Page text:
Fremantle Stuff > people > Henry Vincent (bp 20 August 1796 – 06 May 1869)
From the Cemetery tour guide (written by Ron Davidson):
Henry Vincent arrived in the colony in 1830 as servant to a retired soldier. He had lost one eye fighting in the Battle of Waterloo [but see below]. He worked for a period of time in Fremantle as a police constable and gaoler at the Round House.
Although not highly literate, Vincent had a talent for construction. He was appointed superintendent of the Native Establishment at Rottnest Island from 1838-1849. Vincent won praise for a surge of construction on the island, but many saw him as overly strict and cruel in his dealing with Aboriginal prisoners. He was constantly worried about his safety and kept a sentry at hand.
Eventually Vincent was investigated by the Protector of Aborigines but was never formally charged. He and his prisoners returned to the mainland when Rottnest was leased to Captain Dempster. For a period of time, Vincent supervised some extensive road-building in the South-West. He spared neither his prisoners nor himself on the task.
From 1855-1867 Vincent returned to Rottnest as superintendent on an annual salary of £200. The handsome salary apparently did not improve his savage temper. Vincent died a sad man. He was sick, disillusioned that he hadn’t been granted a full pension, and Louisa, his wife of more than 30 years, had filed for divorce.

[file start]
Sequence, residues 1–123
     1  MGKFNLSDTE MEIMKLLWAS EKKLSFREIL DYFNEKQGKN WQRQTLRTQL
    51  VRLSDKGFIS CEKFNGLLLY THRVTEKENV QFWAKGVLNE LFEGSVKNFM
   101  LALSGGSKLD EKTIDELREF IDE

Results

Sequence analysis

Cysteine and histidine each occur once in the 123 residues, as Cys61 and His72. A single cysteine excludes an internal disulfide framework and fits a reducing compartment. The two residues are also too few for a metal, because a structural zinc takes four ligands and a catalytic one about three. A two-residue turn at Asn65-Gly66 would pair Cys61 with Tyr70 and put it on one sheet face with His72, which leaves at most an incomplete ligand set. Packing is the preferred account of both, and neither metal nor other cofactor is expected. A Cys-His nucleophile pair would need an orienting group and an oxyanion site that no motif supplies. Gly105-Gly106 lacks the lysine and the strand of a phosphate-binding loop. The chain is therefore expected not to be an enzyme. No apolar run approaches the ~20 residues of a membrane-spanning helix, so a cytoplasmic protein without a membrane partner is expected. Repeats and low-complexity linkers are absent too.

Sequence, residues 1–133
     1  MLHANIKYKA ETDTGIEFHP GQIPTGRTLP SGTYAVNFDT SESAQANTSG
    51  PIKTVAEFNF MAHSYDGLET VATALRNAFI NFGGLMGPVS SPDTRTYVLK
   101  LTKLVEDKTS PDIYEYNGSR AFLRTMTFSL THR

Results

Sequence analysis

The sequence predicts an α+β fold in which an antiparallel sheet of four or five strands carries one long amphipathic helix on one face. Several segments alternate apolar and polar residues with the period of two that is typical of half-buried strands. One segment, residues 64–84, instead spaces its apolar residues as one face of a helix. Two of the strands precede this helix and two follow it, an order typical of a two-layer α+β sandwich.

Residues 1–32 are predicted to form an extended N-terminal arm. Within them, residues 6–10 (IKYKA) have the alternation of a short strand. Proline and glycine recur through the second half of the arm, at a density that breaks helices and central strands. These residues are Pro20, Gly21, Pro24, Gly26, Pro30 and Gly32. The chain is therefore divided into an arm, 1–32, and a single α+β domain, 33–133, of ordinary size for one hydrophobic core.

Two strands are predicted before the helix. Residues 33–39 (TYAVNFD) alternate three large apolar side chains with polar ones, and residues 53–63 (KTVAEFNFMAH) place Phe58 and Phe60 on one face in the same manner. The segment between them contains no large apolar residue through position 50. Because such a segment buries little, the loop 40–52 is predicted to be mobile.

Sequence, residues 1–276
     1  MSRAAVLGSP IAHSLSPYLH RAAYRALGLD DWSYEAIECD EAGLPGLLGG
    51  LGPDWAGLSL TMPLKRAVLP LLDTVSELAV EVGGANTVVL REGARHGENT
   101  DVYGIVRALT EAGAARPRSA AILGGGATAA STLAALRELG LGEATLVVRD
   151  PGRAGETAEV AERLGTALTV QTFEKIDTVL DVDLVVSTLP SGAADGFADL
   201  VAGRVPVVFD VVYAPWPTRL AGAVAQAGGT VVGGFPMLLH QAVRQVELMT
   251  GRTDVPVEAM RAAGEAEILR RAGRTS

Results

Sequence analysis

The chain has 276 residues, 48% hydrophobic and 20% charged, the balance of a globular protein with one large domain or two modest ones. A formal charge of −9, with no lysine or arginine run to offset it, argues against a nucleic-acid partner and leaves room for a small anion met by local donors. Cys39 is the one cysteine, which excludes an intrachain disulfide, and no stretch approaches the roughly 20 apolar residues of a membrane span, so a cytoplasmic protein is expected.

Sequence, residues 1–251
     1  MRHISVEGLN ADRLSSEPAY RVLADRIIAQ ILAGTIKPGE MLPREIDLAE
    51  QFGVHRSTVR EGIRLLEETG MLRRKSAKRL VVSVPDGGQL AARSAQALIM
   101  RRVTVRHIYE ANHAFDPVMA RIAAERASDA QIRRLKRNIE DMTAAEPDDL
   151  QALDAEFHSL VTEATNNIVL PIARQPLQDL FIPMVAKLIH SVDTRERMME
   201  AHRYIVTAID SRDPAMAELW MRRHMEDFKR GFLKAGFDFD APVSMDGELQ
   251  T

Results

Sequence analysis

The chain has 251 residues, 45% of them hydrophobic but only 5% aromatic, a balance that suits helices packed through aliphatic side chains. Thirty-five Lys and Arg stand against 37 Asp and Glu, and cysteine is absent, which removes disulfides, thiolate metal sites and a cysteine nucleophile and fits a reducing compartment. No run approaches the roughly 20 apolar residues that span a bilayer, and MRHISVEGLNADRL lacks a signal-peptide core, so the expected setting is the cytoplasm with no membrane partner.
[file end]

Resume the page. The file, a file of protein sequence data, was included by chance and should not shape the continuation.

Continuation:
Text and photo of Vincent's gravestone in Fremantle Cemetery, MCB.
Henry Vincent was baptised 20 August 1796 in Broadwindsor, eastern Dorset (near Beaminster) as were all of his siblings, tho his parents John and Jane (nee Cleale) were married five miles away in South Perrott (on the River Parrett [sic]).
He joined the 18th (King's) Irish Regiment of Light Dragoons (Hussars) on 14 November 1817, aged 19, and was discharged - because of the ophthalmia which had made him nearly blind in his right eye - on 10 September 1821, at 23. His period of service was therefore after the Napoleonic Wars were over, and he did not lose his eye in battle.
Vincent's gravestone was removed to the Heritage Trail in the Carrington Street cemetery, but not his remains, which are still under the John Curtin school playing field (with another 800 people), which is ironical considering the respect demanded for the remains of the people buried at Rottnest who died on Vincent's watch. Note also that Louisa is not said to be his 'loving' wife on the tombstone - and also that her name is spelt wrongly! It reads, 'ALSO LOUSIA HIS WIFE'.
Lake Vincent and Vincent Way on Rottnest Island are named for Henry Vincent, tho it has been suggested that those names be changed to Noongar ones.
Henry Vincent was brought to life in the 2016 Cemetery Heritage Tour by actor James Hagan.
Many thanks to researcher Mike Murray and to Richard Fox for the biographical information cited above.
Rottnest Island historical tour describing the buildings constructed by Vincent
Garry Gillard | New: 26 June, 2015 | Now: 15 May, 2022